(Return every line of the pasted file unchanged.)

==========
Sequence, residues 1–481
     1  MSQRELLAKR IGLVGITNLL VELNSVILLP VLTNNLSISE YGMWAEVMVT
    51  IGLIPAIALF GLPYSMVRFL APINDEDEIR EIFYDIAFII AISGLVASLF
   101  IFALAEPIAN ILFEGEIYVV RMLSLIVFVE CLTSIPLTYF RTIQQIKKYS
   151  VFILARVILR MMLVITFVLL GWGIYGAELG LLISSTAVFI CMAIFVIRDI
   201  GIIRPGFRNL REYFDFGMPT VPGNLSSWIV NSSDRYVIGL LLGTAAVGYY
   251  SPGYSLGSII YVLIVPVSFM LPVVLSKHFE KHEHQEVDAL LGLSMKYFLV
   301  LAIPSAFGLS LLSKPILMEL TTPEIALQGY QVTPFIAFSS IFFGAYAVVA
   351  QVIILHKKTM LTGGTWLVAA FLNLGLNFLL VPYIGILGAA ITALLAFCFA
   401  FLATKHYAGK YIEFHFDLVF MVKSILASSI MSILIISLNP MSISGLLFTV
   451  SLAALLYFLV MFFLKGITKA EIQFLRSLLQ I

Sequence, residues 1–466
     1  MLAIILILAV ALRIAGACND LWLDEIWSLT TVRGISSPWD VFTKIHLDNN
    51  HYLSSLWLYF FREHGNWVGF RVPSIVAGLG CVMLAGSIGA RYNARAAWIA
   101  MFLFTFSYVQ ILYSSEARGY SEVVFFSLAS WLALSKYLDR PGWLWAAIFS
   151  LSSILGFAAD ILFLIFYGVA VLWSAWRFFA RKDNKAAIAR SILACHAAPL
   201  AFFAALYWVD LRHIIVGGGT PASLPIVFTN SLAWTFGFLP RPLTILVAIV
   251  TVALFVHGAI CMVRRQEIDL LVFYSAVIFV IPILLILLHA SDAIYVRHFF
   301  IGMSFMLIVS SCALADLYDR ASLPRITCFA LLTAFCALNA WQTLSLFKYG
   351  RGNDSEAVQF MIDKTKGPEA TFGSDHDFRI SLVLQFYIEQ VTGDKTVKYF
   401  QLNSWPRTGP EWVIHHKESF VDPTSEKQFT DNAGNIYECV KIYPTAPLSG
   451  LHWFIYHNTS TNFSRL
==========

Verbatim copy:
Sequence, residues 1–481
     1  MSQRELLAKR IGLVGITNLL VELNSVILLP VLTNNLSISE YGMWAEVMVT
    51  IGLIPAIALF GLPYSMVRFL APINDEDEIR EIFYDIAFII AISGLVASLF
   101  IFALAEPIAN ILFEGEIYVV RMLSLIVFVE CLTSIPLTYF RTIQQIKKYS
   151  VFILARVILR MMLVITFVLL GWGIYGAELG LLISSTAVFI CMAIFVIRDI
   201  GIIRPGFRNL REYFDFGMPT VPGNLSSWIV NSSDRYVIGL LLGTAAVGYY
   251  SPGYSLGSII YVLIVPVSFM LPVVLSKHFE KHEHQEVDAL LGLSMKYFLV
   301  LAIPSAFGLS LLSKPILMEL TTPEIALQGY QVTPFIAFSS IFFGAYAVVA
   351  QVIILHKKTM LTGGTWLVAA FLNLGLNFLL VPYIGILGAA ITALLAFCFA
   401  FLATKHYAGK YIEFHFDLVF MVKSILASSI MSILIISLNP MSISGLLFTV
   451  SLAALLYFLV MFFLKGITKA EIQFLRSLLQ I

Sequence, residues 1–466
     1  MLAIILILAV ALRIAGACND LWLDEIWSLT TVRGISSPWD VFTKIHLDNN
    51  HYLSSLWLYF FREHGNWVGF RVPSIVAGLG CVMLAGSIGA RYNARAAWIA
   101  MFLFTFSYVQ ILYSSEARGY SEVVFFSLAS WLALSKYLDR PGWLWAAIFS
   151  LSSILGFAAD ILFLIFYGVA VLWSAWRFFA RKDNKAAIAR SILACHAAPL
   201  AFFAALYWVD LRHIIVGGGT PASLPIVFTN SLAWTFGFLP RPLTILVAIV
   251  TVALFVHGAI CMVRRQEIDL LVFYSAVIFV IPILLILLHA SDAIYVRHFF
   301  IGMSFMLIVS SCALADLYDR ASLPRITCFA LLTAFCALNA WQTLSLFKYG
   351  RGNDSEAVQF MIDKTKGPEA TFGSDHDFRI SLVLQFYIEQ VTGDKTVKYF
   401  QLNSWPRTGP EWVIHHKESF VDPTSEKQFT DNAGNIYECV KIYPTAPLSG
   451  LHWFIYHNTS TNFSRL